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Jasmin’s Intern Blog: Day 2

  • By Jasmin Evans
  • October 20, 2015
  • Comments Off on Jasmin’s Intern Blog: Day 2

Jasmin shadowed Sara and Maggie for a week in July, learning about outreach, education, and communication at NASA. She wrote blogs about her experience here and we thought you’d all enjoy seeing our world through her eyes. You can find her first blog here. – Maggie & Sara

This morning started off with writing for NASA Blueshift, looking through some of the posts that the other communications interns have written and planning my own. There is also the opportunity to write about astrophysics topics of my choice, and hopefully about all the things that I have learned.

Next, I met with the rest of the team for a meet and greet, where we spoke about the education activities that they undertake and develop. It was very interesting to find out about the projects that they work on, and how these have been distributed to teachers and schools. I was very inspired by their work and look forward to reading through materials to help develop them further, and hopefully further my own understanding of how to do effective outreach with school children. [They include: Imagine the Universe!, Big Explosions and Strong Gravity, Afterschool Universe, and the upcoming Space Forensics.]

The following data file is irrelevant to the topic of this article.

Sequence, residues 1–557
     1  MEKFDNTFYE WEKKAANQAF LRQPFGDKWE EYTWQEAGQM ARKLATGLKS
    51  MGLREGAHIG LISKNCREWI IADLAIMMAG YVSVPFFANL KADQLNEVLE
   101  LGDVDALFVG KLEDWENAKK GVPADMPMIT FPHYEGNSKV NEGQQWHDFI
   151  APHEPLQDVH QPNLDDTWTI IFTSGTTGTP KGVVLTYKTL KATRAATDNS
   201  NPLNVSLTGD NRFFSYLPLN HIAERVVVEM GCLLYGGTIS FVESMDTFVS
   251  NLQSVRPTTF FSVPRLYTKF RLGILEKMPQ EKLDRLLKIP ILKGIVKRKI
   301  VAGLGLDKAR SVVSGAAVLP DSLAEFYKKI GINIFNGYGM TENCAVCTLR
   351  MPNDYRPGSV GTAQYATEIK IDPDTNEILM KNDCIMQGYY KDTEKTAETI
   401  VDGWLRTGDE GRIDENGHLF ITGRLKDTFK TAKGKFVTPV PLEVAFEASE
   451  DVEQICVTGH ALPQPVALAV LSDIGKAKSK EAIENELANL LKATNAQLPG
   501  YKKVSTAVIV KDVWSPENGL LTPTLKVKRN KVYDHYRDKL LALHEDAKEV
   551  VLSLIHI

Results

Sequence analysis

Space selfie!

Space selfie!

Goddard has a Visitor Center for the general public, which is just outside of the gate. I got to go and have a look around – and take some space selfies!

There are lots of different exhibits, exploring the early days of spaceflight with the Gemini capsule which you can sit in (yes I did), to Earth science and atmospherics, to the astrobiology walk outside around a Delta-B satellite launch vehicle.

The new James Webb Space Telescope exhibit had just unofficially opened too!

New Visitor Center Exhibit

Currently the Visitors Center is being redesigned so that it can house new exhibits that were designed by the education team I am working with! These are mostly about astrophysics, and there was a beautiful galaxy image panel that had just been put up in preparation as the backdrop. [Ed note: The exhibit is open now!]

Outside of the Center, rooted in the grass and blowing gently in the breeze sits The Moon Tree. When Apollo 14 set off for the Moon on January 31st 1971, it carried onboard a seed. This seed journeyed around the Moon in the Command Module, so that on the return to Earth, the seed could be planted and the effects of prolonged periods in weightlessness studied. It was beautiful to see, a reminder of a legendary era, preserved for all to see forever.

The Moon Tree

The Moon Tree


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